This is the first time that an essential gene for the protection of telomeres, the ends of chromosomes, has appeared mutated in human cancer
A study published today in the journal Nature Genetics explores a new mechanism that may contribute to the development of several tumours, including Chronic Lymphocytic Leukaemia, a type of cancer that affects more than a thousand new patients in Spain each year.
This work, led by researchers Carlos L-pez-Ot-n, from the University Institute of Oncology at the University of Oviedo; El-as Campo, from the Hospital Cl-nic/University of Barcelona; and Mar-a Blasco, the Director of the Spanish National Cancer Research Centre (CNIO), represents a significant milestone for the Spanish Consortium in the study of the Chronic Lymphocytic Leukaemia Genome.
"Chronic Lymphocytic Leukaemia is the most frequent leukaemia in Western countries," says L-pez-Ot-n, adding that, "Once the most frequent genetic and epigenetic changes in its development have been decoded, it's necessary to discover the biochemical mechanisms altered by those changes, in order to be able to improve the diagnosis and treatment of this disease."
Thus, continuing the work from previous studies led by Campo and L-pez-Ot-n published in Nature and Nature Genetics over the past two years, the researchers concentrated on the mutations affecting POT1, one of the genes involved in the protection of the ends of chromosomes, the telomeres.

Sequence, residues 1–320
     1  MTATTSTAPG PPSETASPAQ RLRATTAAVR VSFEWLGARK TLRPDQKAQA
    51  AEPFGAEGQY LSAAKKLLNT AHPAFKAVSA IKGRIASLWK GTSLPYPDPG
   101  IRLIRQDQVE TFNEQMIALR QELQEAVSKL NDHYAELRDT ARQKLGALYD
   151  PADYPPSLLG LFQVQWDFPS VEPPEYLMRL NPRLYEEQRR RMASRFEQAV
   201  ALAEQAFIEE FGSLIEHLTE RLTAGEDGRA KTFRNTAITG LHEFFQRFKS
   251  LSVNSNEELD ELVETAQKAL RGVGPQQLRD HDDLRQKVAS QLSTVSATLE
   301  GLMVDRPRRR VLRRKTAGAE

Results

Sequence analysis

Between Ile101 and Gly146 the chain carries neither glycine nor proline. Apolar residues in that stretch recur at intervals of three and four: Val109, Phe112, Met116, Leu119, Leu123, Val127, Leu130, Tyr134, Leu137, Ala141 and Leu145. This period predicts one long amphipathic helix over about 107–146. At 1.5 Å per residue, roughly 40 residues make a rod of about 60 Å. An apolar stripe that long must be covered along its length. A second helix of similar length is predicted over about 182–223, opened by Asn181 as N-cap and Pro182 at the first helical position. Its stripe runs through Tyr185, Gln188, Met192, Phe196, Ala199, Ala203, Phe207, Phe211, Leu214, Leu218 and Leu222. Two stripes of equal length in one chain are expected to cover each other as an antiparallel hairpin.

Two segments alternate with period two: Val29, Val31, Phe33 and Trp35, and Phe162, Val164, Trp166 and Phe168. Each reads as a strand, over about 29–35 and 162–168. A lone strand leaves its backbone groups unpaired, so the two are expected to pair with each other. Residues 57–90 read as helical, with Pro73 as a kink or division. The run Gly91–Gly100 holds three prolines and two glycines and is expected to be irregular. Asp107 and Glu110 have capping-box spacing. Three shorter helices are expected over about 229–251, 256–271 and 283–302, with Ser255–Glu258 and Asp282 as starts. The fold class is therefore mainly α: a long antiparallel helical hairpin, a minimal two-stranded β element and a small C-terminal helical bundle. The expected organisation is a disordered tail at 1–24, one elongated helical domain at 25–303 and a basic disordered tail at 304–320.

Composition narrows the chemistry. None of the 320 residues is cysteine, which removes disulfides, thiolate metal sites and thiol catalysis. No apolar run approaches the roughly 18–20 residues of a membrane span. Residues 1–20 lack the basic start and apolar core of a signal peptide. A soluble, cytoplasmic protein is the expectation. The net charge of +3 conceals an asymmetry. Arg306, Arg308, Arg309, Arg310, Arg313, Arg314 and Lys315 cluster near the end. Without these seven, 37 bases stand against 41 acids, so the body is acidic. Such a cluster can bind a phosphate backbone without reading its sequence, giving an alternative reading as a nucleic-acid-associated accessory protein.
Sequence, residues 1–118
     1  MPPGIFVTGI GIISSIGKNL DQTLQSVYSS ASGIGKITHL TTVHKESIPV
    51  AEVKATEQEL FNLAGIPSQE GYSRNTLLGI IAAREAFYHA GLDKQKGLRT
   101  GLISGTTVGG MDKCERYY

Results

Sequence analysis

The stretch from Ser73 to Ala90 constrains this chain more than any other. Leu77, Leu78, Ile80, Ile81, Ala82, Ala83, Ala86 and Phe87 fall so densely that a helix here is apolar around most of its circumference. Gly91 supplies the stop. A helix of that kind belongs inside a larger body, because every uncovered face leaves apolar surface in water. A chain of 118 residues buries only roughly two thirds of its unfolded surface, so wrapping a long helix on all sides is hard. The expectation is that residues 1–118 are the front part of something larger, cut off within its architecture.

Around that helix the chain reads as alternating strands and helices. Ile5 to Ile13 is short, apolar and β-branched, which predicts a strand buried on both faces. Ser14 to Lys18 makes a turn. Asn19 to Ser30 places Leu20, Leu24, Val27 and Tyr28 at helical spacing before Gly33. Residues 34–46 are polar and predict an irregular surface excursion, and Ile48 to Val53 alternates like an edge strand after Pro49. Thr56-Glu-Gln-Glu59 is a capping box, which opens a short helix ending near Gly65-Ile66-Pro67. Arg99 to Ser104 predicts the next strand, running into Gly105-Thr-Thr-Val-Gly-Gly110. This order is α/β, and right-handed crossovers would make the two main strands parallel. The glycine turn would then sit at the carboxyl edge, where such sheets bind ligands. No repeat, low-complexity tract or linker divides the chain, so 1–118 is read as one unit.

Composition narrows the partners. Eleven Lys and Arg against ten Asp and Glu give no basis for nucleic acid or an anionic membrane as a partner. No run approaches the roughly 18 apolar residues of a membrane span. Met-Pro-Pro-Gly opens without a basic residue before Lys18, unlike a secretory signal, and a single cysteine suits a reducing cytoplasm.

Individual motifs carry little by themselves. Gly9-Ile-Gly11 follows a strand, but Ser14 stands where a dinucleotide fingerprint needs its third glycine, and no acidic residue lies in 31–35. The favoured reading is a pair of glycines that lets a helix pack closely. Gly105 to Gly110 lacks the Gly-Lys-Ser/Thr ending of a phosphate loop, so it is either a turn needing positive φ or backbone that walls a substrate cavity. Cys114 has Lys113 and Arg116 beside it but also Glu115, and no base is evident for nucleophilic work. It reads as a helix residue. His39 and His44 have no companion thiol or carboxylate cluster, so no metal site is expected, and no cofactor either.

This is the first time that a gene with this function has appeared mutated in a human cancer. Blasco says: "We have been studying telomere biology for a long time, given that alterations in telomere maintenance are associated with cancer and ageing. Although the mechanisms used by tumour cells to alter their telomeres have been identified, POT1 mutations reveal yet another, previously unknown route."
Each chromosome has, at its extremes, in its telomeres, a protective hood made up of proteins, and POT1 is the staple that fixes it in place, joining it to the telomeric DNA. All of the mutations discovered in POT1 prevent this gene from fulfilling its function. The DNA at the end of the chromosome is therefore left without its protective cover. The study of the biochemical pathway that leads from these abnormalities to the uncontrolled growth of B lymphocytes can provide important clues for the understanding of chronic lymphocytic leukaemia and cancer in general.
ONE OF THE MOST FREQUENTLY MUTATED GENES IN LEUKAEMIA
Furthermore, after analysing the genome of 341 chronic lymphocytic leukaemia patients -comparing for each case the genes from normal healthy cells with those of tumour cells-, researchers have discovered that POT1 is one of the most frequently mutated genes in this illness.